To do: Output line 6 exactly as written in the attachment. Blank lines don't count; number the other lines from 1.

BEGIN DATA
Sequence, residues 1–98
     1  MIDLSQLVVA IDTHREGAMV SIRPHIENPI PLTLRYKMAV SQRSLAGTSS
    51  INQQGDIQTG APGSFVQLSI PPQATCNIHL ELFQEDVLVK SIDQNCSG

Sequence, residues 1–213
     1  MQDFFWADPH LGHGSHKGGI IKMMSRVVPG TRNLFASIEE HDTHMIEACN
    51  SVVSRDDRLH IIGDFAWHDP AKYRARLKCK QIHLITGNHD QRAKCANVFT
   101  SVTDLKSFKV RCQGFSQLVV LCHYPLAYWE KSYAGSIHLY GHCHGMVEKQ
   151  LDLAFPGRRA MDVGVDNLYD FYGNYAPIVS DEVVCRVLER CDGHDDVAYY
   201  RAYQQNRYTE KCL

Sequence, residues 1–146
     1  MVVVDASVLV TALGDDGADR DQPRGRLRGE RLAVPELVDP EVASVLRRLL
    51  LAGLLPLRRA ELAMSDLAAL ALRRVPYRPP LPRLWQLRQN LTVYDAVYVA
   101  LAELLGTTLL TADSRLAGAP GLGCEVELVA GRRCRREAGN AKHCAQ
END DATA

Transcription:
    51  SVVSRDDRLH IIGDFAWHDP AKYRARLKCK QIHLITGNHD QRAKCANVFT